Clearly, you can write. I saw that compliment paid to someone today. It was a comment to a blog entry. I remember it being paid to me once in a business context. Well, you can definitely write. Ironically, I couldn’t, then. I mixed and matched jargon and buzzwords and tied them into sentences, which I then tried to shorten as much as possible.
It’s a weird compliment. It’s got a backhanded edge to it. A note of disbelief. Well, hey, look at that! You can write! A statement of approval by someone who has given him/herself the authority to pontificate on such things. What if I can write but you can’t? How good is your compliment then? In a business context, it can also have a hint of strategy. Ahh, so you can write. Awesome. Now I know where to delegate that stuff that comes to me that I don’t want to do…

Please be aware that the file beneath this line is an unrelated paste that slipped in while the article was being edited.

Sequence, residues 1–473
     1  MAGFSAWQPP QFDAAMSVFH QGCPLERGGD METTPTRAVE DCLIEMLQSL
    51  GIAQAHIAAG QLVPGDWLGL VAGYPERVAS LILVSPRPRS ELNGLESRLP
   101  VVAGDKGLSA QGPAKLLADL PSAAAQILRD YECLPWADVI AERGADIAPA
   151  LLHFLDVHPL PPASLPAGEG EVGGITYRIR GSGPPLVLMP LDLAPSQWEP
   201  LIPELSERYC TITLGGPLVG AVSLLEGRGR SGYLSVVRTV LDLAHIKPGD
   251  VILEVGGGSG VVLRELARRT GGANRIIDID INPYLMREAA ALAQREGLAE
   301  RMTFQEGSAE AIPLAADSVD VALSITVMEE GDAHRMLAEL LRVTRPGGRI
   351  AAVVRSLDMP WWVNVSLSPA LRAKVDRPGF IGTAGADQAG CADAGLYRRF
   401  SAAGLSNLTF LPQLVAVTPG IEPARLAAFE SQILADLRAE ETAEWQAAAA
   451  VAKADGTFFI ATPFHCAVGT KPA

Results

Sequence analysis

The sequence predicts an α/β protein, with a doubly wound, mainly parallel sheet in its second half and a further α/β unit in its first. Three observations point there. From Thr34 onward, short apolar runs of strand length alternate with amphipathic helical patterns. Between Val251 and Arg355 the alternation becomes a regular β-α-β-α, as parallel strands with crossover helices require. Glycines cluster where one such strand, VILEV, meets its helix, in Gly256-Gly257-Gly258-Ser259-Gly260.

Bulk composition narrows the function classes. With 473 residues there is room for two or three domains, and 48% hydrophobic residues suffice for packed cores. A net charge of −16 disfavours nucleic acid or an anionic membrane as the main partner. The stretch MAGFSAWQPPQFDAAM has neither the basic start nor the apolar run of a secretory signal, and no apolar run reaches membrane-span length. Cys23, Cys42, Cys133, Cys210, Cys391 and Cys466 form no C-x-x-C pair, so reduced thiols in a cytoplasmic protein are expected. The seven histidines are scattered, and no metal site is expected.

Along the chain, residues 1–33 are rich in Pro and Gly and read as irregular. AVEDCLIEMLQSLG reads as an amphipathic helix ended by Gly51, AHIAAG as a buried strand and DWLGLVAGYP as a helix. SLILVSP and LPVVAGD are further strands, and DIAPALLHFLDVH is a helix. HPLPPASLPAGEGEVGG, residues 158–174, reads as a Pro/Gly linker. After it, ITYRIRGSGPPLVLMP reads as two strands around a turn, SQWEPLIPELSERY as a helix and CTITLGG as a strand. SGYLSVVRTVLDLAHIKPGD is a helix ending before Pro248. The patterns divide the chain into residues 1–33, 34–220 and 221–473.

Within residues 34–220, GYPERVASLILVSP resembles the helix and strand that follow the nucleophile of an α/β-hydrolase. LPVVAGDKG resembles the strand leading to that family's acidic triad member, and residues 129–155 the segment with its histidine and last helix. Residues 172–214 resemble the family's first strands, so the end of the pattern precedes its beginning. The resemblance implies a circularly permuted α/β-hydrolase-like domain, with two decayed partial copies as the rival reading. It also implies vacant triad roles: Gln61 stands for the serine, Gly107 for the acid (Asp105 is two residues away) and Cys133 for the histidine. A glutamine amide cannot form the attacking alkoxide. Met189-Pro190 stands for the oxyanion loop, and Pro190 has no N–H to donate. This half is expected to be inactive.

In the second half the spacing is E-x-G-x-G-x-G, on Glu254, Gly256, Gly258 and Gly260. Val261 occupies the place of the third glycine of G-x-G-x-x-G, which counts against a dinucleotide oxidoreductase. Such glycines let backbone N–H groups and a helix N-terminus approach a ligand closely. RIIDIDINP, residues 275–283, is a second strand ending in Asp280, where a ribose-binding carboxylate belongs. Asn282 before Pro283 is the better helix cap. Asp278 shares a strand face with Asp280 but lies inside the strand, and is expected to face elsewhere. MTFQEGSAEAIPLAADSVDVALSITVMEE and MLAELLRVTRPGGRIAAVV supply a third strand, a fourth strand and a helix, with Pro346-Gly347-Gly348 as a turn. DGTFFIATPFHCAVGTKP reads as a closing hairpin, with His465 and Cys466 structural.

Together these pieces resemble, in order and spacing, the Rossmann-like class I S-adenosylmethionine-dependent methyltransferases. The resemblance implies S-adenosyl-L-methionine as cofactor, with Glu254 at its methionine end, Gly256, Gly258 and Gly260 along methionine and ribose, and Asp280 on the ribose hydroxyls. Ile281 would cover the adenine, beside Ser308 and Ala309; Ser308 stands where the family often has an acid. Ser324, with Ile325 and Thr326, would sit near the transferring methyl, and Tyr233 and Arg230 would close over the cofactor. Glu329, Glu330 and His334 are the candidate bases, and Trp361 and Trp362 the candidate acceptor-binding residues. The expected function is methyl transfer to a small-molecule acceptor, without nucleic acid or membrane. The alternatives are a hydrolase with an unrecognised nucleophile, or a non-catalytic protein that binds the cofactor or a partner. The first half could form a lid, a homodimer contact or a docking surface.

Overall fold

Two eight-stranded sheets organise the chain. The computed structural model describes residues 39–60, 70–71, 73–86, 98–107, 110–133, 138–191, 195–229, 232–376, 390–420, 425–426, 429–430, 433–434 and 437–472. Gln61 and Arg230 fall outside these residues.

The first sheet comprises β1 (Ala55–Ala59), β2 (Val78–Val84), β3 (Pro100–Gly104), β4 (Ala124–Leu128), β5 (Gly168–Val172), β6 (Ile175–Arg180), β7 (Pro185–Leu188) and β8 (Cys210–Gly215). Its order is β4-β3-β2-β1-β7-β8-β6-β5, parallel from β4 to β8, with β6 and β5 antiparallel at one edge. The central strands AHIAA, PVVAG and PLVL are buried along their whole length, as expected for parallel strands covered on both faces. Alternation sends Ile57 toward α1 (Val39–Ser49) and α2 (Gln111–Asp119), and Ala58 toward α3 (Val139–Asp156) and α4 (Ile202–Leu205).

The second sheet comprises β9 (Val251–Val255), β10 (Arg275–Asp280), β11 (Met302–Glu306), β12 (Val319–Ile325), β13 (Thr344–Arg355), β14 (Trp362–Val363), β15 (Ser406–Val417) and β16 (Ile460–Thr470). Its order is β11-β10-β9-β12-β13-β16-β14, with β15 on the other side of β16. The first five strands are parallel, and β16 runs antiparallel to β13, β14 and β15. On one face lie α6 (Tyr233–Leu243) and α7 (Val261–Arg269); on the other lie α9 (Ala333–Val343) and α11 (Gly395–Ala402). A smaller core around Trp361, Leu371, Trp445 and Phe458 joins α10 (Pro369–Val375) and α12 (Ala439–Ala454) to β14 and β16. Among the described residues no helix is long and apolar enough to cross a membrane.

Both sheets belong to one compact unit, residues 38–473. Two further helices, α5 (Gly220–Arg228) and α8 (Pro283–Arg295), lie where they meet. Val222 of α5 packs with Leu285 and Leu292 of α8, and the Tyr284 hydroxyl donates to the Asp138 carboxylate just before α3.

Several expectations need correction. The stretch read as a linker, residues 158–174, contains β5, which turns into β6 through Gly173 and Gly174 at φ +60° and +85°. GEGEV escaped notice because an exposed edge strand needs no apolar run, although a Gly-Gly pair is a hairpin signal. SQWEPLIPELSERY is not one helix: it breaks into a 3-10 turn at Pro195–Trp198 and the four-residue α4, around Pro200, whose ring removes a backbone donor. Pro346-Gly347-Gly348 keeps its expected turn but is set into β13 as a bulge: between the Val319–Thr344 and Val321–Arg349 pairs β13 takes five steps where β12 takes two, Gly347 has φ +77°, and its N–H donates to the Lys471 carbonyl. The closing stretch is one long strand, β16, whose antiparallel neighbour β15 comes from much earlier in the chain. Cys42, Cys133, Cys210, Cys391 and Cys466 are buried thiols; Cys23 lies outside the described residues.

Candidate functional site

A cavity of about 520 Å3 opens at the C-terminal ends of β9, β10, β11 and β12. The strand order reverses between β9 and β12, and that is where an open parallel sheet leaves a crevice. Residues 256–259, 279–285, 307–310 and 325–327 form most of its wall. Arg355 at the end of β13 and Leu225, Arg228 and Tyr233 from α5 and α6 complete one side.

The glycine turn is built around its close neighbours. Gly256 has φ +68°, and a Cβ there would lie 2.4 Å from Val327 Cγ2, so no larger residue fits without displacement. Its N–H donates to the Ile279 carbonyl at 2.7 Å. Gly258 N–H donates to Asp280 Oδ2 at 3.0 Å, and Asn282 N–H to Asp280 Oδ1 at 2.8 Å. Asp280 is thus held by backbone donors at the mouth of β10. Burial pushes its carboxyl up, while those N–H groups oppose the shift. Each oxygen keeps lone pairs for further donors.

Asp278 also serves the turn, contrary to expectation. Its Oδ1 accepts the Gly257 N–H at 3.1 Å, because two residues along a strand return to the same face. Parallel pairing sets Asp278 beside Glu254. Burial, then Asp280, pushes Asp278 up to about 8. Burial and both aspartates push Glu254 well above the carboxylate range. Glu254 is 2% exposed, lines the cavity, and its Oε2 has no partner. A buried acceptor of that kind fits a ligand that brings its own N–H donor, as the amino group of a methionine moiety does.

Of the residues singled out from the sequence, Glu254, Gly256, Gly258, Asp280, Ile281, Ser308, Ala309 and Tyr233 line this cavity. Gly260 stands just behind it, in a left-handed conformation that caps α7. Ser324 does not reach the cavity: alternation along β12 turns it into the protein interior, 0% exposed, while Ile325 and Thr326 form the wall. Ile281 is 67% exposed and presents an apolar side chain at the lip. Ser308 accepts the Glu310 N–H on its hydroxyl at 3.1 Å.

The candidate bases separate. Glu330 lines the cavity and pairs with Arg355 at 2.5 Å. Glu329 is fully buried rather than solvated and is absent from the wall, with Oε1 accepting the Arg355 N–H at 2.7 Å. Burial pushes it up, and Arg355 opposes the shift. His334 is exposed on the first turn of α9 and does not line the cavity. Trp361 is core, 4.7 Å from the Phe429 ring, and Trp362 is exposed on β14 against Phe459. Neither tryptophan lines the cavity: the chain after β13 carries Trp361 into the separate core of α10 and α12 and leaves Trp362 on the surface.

Does cynicism give comments more potential facets, or fewer?
When you’re on Percocet, I am told the effect is not that you stop feeling pain, but that you remain aware of the pain, but you just don’t care. So the effect is essentially the same: pain stops being debilitating. I have a friend who has a broken leg who is on Percocet now, and that’s what she says. I am like that right now with hunger. Initially I had that horrible feeling in my gut all the time. It wasn’t hunger, it was the abdominal manifestation of broken-heartedness. That has waned, and now I get, at times, what I recognize as hunger. I just don’t care. I’ve been eating a bit, and my ability to swallow various tastes and textures of foods is improving, but I can ignore the hunger (I still can’t eat much) if I don’t feel like acknowledging it. That will change, particularly as I get more energy and want to do physical things, like mountain bike or go to the gym. I need fuel for those things. However, mentally, control over food and hunger is good. It is, however, tricky. It can help you build better eating habits. It can send you down the slippery slope of an eating disorder. I went that way once, fortunately, not to any degree as serious as friends who’ve had what I consider “real” eating disorders. Cognizance assists vigilance. My, doesn’t that sound pretentious.